At the forest, I finally met Jeremy, one of the rangers I had been talking to while making my booking. You need to book at least 1 day to your visit to avoid inconveniences. I also met a few of the other rangers. Below is a summary of the rates for various categories of visitors you can work with for your planning. They include adult and child rates.
Activities Non-residents/Non-Kenyan (USD)
Kids Above 10 Years
Adults Kids Above 10 Years Primary Secondary Tertiary Canopy walkways, Game viewing platform, hiking, bird watching, swimming in the blue pools and waterfalls 40 20 20 15 500 700 1,000 Camping (per night) 50 25 30 15 600 800 1,500 Filming (per day) 100 75 Research (per day) 40 20
I started my tour in the safe company of Zablon, my personal armed Ranger. Ngare Ndare hosts a variety of game in its 13,618 acres (5,511 hectares) including the Big 5 and as such, it is required that you be in the company of an armed Ranger for your own safety.
We were joined by David, an intern, who proved a valuable asset with mobile photos, some I have used on our social media platforms.
We began with a 3.5 KM trek to some 2 fantastic waterfalls, one smaller and the other, much larger, falling about 10 M. Swimming in the crystal clear waters is possible in both but only the larger fall is suitable for plunge jumping.
Having said that, I did not try either – maybe next time I will! I had a very rewarding photo moment nonetheless which marked the end of the waterfall phase and we began the trek back, passing a fresh heap of elephant dung on our way which triggered much speculation.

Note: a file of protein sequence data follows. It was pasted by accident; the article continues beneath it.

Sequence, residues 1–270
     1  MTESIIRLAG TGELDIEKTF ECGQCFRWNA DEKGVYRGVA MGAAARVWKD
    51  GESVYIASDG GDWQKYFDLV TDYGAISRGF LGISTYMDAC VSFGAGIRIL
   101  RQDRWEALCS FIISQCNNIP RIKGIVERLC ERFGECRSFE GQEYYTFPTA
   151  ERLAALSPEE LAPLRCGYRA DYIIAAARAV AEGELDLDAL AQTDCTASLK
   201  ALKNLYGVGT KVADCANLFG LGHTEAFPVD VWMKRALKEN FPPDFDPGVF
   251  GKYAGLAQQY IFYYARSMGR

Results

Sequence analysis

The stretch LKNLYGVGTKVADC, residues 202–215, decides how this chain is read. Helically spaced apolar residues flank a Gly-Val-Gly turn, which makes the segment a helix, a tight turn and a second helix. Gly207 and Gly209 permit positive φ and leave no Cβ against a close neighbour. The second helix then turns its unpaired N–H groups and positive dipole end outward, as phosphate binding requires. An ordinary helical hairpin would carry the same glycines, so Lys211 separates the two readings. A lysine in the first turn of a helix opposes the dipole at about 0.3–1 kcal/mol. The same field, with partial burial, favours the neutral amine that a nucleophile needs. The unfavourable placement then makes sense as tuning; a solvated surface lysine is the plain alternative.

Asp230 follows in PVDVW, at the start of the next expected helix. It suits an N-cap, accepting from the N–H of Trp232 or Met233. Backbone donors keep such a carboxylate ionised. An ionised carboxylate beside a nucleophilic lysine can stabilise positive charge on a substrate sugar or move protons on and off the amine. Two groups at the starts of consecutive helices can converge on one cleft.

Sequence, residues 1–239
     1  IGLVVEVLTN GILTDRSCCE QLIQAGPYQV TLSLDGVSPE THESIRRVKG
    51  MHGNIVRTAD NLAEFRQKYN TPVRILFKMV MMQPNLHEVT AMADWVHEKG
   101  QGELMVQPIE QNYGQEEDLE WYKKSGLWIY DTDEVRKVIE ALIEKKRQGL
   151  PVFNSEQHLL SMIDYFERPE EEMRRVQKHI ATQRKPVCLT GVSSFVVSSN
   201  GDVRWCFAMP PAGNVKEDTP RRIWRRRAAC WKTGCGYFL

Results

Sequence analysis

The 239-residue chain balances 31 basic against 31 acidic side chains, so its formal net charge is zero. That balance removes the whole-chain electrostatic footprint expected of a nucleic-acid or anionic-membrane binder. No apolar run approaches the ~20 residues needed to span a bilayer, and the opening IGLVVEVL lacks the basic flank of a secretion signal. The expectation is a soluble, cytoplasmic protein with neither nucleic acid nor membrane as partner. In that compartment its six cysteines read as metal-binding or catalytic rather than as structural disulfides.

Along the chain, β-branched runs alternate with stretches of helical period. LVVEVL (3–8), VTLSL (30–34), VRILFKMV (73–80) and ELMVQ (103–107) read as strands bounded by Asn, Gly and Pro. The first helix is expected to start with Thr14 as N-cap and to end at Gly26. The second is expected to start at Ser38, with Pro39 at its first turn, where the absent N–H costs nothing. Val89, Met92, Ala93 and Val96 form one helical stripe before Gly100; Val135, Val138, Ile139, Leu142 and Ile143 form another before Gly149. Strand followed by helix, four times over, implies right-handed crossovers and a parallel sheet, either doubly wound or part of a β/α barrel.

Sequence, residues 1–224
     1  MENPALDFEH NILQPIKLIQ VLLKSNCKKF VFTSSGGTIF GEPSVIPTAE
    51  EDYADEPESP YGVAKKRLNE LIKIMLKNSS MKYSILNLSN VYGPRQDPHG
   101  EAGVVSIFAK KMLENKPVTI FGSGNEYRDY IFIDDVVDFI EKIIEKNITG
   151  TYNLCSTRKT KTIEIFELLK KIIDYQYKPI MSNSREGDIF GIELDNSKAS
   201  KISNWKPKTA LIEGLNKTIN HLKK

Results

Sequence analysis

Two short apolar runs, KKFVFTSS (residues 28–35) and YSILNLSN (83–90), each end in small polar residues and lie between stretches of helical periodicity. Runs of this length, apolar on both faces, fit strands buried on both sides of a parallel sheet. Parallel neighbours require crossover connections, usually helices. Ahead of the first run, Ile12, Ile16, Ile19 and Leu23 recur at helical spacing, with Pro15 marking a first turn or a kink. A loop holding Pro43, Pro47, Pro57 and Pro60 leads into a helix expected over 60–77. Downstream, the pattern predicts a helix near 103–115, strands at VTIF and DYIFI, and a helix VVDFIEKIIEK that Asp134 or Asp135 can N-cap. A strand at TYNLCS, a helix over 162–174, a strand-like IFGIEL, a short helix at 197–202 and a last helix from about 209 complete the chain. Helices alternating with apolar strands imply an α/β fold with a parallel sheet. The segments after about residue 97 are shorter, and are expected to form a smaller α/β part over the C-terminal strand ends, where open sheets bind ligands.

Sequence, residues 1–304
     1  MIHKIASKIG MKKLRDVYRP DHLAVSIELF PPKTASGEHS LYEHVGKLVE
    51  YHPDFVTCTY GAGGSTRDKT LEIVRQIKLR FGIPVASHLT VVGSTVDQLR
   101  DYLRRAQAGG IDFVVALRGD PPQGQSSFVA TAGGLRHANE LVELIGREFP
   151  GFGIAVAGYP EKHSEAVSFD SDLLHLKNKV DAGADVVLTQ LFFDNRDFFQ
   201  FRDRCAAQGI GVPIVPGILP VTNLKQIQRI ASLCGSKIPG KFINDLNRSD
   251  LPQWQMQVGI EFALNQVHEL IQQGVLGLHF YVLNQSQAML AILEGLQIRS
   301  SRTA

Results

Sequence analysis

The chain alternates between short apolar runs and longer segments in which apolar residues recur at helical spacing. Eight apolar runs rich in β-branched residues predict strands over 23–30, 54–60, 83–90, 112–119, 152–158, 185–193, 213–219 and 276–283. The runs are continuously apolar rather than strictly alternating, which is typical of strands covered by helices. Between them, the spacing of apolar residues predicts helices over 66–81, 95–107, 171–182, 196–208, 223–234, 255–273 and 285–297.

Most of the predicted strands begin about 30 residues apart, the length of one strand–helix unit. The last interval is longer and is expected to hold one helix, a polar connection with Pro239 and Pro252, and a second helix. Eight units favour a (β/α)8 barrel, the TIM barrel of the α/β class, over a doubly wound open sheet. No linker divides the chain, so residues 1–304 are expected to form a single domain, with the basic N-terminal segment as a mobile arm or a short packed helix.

We had not even gone far when upon rounding a corner, we came across a lone tusker. I could see Zablon readying his G3 rifle just in case of an unfortunate eventuality which no one was looking forward to.
“This is a troublesome one, even his collar is missing” he had whispered. The elephant, who did not seem moved by our presence, did not have tusks. This, Zablon explains, is usually an indication his tusks might have been sawed-off to limit his destructive ability.
Some elephants have learnt to use their tusks to cut the electric perimeter fence to invade the neighbouring wheat farms. Zablon tells me of a bull called Destroyer who was notorious for this.
But there are peaceable ones like Lesuuda, a complete opposite, who is so fond of humans, she curiously seeks and follows them around the forest but from a safe distance.
After recovering from the unnerving tusker encounter, we continued on to the famous canopy walk for the final activity of the day – it is no joke trekking 7 KM!